CONCLUSION: The results of our study suggest that high circulating levels of vitamin D are associated with a lower risk of multiple sclerosis.

JAMA. 2006 Dec 20;296(23):2832-8.

Vitamin D intake and incidence of multiple sclerosis.

Munger KL, Zhang SM, O'Reilly E, Hernán MA, Olek MJ, Willett WC, Ascherio A.
Department of Nutrition, Harvard School of Public Health, 665 Huntington Ave., Boston, MA 02115, USA.

BACKGROUND: A protective effect of vitamin D on risk of multiple sclerosis (MS) has been proposed, but no prospective studies have addressed this hypothesis.
METHODS: Dietary vitamin D intake was examined directly in relation to risk of MS in two large cohorts of women: the Nurses' Health Study (NHS; 92,253 women followed from 1980 to 2000) and Nurses' Health Study II (NHS II; 95,310 women followed from 1991 to 2001). Diet was assessed at baseline and updated every 4 years thereafter. During the follow-up, 173 cases of MS with onset of symptoms after baseline were confirmed.
RESULTS: The pooled age-adjusted relative risk (RR) comparing women in the highest quintile of total vitamin D intake at baseline with those in the lowest was 0.67 (95% CI = 0.40 to 1.12; p for trend = 0.03). Intake of vitamin D from supplements was also inversely associated with risk of MS; the RR comparing women with intake of >or=400 IU/day with women with no supplemental vitamin D intake was 0.59 (95% CI = 0.38 to 0.91; p for trend = 0.006). No association was found between vitamin D from food and MS incidence.
CONCLUSION: These results support a protective effect of vitamin D intake on risk of developing MS.

Neurology. 2004 Jan 13;62(1):60-5.

« Last Edit: 21/07/2007 14:17:55 by iko »

Offline iko

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Possible explanation for the higher incidence of MS in Doctors
« Reply #32 on: 30/07/2007 21:58:05 »

Childhood sun exposure influences risk of multiple sclerosis in monozygotic twins.

Islam T, Gauderman WJ, Cozen W, Mack TM.Department of Preventive Medicine, University of Southern California, Los Angeles, CA, USA.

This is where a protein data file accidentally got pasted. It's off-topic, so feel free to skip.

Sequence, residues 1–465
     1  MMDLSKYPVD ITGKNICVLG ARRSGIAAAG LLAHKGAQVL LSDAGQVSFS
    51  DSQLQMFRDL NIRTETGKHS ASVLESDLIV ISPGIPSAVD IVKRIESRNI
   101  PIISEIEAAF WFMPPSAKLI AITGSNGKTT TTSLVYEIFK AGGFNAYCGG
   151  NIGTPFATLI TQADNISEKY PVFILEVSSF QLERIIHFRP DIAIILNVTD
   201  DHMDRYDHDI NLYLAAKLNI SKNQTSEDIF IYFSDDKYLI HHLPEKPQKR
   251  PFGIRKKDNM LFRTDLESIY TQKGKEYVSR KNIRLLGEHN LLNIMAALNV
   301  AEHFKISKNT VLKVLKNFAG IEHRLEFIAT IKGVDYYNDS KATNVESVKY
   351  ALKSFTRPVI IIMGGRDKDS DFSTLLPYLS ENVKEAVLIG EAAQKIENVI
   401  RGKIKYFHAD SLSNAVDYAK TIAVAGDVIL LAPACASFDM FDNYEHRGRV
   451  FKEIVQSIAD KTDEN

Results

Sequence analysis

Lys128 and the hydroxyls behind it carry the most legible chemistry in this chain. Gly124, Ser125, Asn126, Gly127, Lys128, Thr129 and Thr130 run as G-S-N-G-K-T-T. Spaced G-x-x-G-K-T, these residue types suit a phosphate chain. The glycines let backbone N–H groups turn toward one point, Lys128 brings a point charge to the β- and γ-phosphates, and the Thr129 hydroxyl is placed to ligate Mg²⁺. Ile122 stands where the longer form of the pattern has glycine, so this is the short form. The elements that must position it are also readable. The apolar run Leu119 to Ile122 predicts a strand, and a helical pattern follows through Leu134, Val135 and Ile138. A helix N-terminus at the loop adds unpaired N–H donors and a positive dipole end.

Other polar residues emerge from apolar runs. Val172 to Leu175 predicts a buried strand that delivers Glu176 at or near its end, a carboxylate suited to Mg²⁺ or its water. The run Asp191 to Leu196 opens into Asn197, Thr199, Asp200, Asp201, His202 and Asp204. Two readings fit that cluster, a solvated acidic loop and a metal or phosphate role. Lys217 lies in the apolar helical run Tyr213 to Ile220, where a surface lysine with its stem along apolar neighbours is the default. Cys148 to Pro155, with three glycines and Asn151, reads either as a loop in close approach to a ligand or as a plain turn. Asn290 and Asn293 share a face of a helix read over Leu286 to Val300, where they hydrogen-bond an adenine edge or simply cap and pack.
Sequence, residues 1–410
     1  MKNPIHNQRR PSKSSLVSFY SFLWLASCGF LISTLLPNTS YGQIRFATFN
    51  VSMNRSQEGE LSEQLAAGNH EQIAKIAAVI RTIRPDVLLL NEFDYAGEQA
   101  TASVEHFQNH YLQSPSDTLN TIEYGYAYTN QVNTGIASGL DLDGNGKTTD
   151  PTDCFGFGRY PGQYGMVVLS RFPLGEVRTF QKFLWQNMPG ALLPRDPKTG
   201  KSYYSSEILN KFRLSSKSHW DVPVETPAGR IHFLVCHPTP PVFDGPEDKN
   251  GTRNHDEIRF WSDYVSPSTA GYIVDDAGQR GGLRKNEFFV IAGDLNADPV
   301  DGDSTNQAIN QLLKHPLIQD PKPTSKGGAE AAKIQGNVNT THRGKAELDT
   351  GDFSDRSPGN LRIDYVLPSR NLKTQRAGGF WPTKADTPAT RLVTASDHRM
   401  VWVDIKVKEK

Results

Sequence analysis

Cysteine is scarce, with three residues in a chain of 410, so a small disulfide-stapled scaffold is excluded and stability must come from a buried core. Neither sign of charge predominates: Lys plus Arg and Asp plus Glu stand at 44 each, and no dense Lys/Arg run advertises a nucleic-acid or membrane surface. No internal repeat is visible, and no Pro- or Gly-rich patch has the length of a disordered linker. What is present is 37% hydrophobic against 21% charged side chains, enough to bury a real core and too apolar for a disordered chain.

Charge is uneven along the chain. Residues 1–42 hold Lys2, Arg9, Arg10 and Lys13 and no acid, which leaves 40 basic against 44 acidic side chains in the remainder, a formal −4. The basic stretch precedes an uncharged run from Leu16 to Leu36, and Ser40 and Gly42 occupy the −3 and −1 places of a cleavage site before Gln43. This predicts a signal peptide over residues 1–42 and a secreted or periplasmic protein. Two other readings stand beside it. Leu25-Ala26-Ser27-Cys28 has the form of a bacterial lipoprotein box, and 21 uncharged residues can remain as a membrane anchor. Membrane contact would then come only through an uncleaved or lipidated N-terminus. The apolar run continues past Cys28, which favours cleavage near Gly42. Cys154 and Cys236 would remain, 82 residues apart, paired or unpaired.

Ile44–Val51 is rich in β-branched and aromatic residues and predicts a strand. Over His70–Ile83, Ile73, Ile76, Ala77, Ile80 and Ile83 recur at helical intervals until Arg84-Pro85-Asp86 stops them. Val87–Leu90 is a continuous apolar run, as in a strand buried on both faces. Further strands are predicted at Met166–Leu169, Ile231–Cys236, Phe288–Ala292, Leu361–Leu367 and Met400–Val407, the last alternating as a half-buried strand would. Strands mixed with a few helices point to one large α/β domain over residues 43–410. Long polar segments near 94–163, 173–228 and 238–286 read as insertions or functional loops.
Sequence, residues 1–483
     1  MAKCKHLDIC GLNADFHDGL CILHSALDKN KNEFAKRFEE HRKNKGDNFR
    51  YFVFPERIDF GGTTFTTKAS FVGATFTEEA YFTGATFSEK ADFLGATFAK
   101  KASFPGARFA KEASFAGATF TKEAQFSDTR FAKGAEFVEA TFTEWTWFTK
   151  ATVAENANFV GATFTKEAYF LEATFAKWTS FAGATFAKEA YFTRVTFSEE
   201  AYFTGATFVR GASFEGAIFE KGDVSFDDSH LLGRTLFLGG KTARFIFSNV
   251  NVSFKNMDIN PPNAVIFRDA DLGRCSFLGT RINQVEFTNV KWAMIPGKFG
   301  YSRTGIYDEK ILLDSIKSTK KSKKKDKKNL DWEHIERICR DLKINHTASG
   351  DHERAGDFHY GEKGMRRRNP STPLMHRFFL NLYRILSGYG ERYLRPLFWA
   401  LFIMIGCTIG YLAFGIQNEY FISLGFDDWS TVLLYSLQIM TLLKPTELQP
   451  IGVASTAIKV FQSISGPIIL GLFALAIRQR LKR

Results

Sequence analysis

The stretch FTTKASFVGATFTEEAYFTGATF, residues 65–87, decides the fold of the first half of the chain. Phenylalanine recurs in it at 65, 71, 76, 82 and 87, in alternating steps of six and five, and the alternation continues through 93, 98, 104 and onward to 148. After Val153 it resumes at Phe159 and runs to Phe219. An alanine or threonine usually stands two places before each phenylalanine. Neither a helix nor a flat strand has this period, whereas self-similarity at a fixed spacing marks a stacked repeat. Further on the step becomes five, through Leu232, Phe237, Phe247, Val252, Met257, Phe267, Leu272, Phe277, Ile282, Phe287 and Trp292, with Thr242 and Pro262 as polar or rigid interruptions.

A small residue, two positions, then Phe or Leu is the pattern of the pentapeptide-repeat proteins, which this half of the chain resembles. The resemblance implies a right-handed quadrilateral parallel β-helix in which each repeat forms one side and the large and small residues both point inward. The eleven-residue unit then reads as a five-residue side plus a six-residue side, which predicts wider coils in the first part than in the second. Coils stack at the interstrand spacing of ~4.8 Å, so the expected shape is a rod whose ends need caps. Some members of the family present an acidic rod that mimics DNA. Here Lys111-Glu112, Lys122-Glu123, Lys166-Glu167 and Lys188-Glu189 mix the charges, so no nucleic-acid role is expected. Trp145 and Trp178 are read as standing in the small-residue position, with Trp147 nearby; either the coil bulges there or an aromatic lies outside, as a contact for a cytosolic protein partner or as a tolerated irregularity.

OBJECTIVE: To address the role of childhood sun exposure on the risk of multiple sclerosis (MS) after controlling for genetic susceptibility, we investigated the association between sun exposure and MS comparing disease-discordant monozygotic (MZ) twins.
METHOD: Twins with MS were sought by yearly newspaper advertisements throughout North America from 1980 to 1992. Diagnosis was verified by updated medical documentation through 2005. This analysis was restricted to 79 disease- and exposure-discordant monozygotic twin pairs who had ranked themselves before 1993 in relation to each of nine childhood sun exposure activities. A sun exposure index (SI) was defined as the sum of those exposures for which one twin ranked higher than his or her co-twin. The SI difference within each twin pair was calculated by subtracting the SI value of the affected twin from the SI value of the unaffected twin (range -9 to +9). The results were then analyzed using conditional logistic models.
Result: Each of the nine sun exposure-related activities during childhood seemed to convey a strong protection against MS within MZ twin pairs. Depending on the activity, the odds ratio (OR) ranged from 0.25 to 0.57. For example, the risk of subsequent MS was substantially lower (OR 0.40, 95% CI 0.19 to 0.83) for the twin who spent more time suntanning in comparison with the co-twin. For each unit increase in SI, the relative risk of MS decreased by 25%.

CONCLUSION: Early sun avoidance seems to precede the diagnosis of multiple sclerosis (MS). This protective effect is independent of genetic susceptibility to MS.

Neurology. 2007 Jul 24;69(4):381-8. 


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Possible explanation for the higher incidence of MS in Doctors